For the Sabzi Piez, add the oil and butter to a medium pan over medium high heat. When the butter has melted and started to bubble, add the onions and chilli. Sauté for 5-7 minutes until softened and lightly golden. Add the tomato and blanched carrots and sauté for a further 4-5 minutes. Add the vinegar and salt and sauté for another minute or two until uniformly combined. Take off the heat and stir in the fresh cilantro.
To serve, divide heaping spoonfuls of Sabzi Piez on the bottom of each split crusty roll. Top with a griddled Manti Burger and the tops of the rolls. Serves 2.

barleyjambalaya

Barley Jambalaya

A sudden drop in temperatures in December means heartier fare. A simple salad usually means a stew. A rice dish becomes a barley dish. And the flavours attached usually need to be bolder, more comforting.
The classic Louisiana dish, jambalaya, has a mixed heritage in its origins. African, French, Spanish all collide to create a harmonious blend of flavours based on the region they reside in.
When you add a prairie Canadian winter to the mix, a land rippling with various grains in the fields, barley is one of the more common crops you see. I recall seeing waves of that alternating with wheat, canola, flax and oats growing up in a smaller city. The fringes of town bordered right on farms so a farm was no more than a walk or bike ride away. Plucking wild oats from the edges of the road and chewing them was a common thing amongst the sillier of kids (ahem….I mean mmmm….I mean…..😉 )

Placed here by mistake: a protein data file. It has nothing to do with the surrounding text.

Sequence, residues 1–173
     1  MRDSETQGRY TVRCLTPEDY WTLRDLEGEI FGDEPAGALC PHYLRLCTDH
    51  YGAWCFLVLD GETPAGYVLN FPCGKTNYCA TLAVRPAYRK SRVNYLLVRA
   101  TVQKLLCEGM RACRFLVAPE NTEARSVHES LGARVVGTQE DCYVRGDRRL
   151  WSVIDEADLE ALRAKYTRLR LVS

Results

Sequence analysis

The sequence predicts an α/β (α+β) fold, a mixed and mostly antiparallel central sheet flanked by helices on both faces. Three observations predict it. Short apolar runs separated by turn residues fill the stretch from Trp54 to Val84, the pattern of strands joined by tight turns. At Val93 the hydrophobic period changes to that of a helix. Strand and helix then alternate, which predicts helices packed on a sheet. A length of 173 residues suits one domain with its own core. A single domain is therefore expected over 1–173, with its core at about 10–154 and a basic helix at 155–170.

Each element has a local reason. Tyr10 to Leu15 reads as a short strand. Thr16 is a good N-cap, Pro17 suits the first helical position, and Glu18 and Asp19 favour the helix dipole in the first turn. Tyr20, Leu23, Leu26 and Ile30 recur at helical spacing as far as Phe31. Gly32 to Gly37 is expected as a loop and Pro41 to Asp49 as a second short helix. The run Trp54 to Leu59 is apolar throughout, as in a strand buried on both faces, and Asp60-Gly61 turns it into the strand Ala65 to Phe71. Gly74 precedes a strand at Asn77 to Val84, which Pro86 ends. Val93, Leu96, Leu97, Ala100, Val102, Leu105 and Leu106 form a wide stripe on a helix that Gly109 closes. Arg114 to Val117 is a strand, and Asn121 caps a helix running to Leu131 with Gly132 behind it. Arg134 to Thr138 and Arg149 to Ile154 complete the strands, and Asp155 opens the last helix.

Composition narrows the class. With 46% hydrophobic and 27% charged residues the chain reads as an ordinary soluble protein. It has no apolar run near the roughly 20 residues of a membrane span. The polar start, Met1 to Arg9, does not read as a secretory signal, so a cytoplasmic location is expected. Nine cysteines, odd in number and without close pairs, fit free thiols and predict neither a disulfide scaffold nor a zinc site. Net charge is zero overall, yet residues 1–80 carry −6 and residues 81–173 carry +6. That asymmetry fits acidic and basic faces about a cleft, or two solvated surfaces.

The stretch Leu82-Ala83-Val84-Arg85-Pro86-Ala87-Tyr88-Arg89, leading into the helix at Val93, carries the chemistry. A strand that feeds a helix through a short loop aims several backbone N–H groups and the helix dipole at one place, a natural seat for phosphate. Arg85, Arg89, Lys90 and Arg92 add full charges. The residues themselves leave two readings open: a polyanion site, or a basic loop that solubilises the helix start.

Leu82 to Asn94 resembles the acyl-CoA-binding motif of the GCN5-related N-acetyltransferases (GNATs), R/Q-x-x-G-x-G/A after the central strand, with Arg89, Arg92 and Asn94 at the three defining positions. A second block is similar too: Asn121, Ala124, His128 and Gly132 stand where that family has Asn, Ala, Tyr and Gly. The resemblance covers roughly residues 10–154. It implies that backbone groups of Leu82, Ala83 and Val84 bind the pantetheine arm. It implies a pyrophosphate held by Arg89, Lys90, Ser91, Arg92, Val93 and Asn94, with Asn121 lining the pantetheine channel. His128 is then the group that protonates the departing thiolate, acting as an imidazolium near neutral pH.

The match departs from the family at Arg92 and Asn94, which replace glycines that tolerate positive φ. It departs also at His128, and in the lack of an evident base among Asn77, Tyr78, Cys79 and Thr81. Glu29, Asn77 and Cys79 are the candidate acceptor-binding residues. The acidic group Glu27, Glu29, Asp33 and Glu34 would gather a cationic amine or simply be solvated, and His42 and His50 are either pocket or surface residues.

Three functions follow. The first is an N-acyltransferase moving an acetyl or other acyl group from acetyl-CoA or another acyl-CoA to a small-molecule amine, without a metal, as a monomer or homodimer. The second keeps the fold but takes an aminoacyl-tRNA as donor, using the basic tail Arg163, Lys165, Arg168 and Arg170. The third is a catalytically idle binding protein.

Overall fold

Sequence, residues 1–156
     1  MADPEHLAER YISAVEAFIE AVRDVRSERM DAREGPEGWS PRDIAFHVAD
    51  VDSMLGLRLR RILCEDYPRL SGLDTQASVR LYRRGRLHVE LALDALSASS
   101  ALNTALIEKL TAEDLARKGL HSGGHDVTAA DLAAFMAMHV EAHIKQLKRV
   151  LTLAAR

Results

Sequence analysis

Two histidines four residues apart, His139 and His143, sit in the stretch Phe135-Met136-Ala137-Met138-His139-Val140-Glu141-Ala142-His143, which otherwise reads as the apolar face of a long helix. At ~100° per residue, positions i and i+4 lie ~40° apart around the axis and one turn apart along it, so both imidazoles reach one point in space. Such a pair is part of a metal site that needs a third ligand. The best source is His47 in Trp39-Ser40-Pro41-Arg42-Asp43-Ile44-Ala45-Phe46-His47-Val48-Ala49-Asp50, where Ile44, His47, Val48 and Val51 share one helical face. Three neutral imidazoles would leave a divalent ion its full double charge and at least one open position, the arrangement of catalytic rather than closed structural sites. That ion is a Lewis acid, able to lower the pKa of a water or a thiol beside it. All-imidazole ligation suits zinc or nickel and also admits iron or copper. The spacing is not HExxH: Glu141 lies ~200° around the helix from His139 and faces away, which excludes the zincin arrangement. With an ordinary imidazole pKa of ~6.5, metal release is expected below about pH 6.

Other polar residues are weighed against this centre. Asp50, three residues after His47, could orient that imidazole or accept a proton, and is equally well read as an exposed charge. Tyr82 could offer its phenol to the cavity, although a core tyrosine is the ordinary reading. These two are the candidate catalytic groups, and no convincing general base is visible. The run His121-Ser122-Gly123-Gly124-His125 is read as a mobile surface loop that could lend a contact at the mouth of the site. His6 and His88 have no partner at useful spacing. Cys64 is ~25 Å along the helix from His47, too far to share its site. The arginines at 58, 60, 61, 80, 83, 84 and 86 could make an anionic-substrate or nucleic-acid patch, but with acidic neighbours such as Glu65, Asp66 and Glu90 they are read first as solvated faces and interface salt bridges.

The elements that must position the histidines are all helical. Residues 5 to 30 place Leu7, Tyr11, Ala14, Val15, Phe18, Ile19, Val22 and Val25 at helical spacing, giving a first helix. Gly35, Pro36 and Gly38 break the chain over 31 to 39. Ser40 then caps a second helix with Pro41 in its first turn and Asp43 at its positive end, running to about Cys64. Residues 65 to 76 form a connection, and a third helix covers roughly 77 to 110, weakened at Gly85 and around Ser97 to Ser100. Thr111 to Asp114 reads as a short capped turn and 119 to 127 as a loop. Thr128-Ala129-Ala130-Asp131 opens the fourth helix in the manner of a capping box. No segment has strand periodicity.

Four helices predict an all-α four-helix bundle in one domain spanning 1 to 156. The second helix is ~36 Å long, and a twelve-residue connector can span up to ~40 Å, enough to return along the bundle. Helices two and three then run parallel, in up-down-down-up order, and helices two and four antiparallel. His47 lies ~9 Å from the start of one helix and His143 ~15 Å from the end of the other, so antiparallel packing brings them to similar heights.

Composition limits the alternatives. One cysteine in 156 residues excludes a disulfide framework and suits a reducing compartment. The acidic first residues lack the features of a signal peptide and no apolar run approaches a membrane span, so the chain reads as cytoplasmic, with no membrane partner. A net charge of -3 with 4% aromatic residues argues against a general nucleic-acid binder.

These memories are triggered each time I cook with barley and I’m fortunate to know a farm, Gold Forest Grains, who grows exceptional barley and a host of other heritage varieties of grains and pulses.
I also have a wonderful friend who has roots in Louisiana and has taught me a great deal from her passion for southern US food. Real Jambalaya isn’t a dry rice dish. That’s a pilaf. Jambalaya is almost creamy and luxurious like a risotto. It’s pure comfort.
By combining these two elements I connect my life in prairie Canada and a friendship with a great friend. A great joy that comes through the dish and warms both the heart and belly.

Barley Jambalaya:

1 tsp oil
100g/4 oz smoked pork sausage, chopped
1 cup chopped onions
3/4 cup chopped celery
3/4 cup chopped bell peppers
1 chopped jalapeño